Regional and local newspapers make a contribution to their communities that is "truly without parallel", Lord Justice Leveson has said as he spelled out a new system of regulation by statute to tackle the excessive practices of the Press.
In the long-awaited report sparked by the phone hacking scandal, Lord Leveson pronounced the "criticisms of culture, practices and ethics of the press" should not be applied to the local newspaper industry.
"On the contrary they have been much praised," the report states.
The central recommendation of the 2,000 page report is for a new system of independent self-regulation of the newspaper industry to stamp out "outrageous" Press behaviour.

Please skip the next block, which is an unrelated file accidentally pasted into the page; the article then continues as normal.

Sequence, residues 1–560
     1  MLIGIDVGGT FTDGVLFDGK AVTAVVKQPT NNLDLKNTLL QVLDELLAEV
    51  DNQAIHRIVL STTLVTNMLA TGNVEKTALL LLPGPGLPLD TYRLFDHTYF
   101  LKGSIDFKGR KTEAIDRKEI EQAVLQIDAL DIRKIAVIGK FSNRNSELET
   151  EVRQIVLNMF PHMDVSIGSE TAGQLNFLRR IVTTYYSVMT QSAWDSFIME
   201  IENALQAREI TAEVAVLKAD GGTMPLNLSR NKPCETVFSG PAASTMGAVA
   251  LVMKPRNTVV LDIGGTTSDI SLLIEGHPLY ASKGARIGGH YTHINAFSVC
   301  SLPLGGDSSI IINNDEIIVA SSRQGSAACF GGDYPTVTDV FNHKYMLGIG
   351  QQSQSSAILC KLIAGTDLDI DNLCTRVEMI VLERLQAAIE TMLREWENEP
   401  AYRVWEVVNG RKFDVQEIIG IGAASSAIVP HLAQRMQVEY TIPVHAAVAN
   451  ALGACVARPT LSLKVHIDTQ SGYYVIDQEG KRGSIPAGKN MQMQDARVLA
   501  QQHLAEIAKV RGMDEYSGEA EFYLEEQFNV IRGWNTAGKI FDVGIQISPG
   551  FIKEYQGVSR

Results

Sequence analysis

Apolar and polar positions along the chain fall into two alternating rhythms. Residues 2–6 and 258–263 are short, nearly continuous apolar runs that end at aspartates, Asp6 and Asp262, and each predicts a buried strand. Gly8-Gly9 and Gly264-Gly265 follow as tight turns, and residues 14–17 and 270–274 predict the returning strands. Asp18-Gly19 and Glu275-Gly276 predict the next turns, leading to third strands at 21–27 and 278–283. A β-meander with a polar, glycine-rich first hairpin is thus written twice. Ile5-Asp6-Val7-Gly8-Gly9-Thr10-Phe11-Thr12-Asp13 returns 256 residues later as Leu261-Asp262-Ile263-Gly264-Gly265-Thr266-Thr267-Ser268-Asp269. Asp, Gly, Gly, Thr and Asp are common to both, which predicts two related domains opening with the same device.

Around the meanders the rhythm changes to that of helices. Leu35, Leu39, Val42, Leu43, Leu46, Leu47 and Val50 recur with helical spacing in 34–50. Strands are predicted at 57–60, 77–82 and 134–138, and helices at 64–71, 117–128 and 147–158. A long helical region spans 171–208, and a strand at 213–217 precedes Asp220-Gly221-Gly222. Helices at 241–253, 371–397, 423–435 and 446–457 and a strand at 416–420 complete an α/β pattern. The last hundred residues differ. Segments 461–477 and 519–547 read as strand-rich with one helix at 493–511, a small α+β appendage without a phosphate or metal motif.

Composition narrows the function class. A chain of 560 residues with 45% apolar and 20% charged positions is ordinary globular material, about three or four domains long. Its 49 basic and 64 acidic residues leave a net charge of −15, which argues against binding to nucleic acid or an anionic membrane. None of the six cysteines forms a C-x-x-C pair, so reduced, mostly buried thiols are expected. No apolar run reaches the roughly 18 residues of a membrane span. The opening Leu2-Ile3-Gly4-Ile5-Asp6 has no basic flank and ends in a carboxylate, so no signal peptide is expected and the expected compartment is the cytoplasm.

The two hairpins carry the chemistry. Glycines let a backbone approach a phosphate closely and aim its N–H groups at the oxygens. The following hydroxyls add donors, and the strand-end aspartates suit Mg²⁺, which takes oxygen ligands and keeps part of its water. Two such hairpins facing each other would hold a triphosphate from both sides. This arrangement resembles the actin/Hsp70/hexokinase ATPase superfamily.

But, if adopted, the new body would be underpinned by a change in the law to enforce the new independent regime.
The new body, which will be free of serving newspaper editors and MPs and replace the Press Complaints Commission, would have to act on complaints, with the power to demand apologies and fines of up to £1million.
Newspapers would be offered the "incentive" to join by awarding a "kitemark" of quality for those that sign up and arbitration service that spares them from hefty legal costs.
The body, established by the Press, could not stop a newspaper publishing stories.
Of the local Press, the report says: "Their contribution to local life is truly without parallel.
"Although accuracy and similar complaints have been made against local newspapers, the criticisms of culture, practices and ethics of the press that have been raised in this inquiry do not affect them: on the contrary, they have been much praised."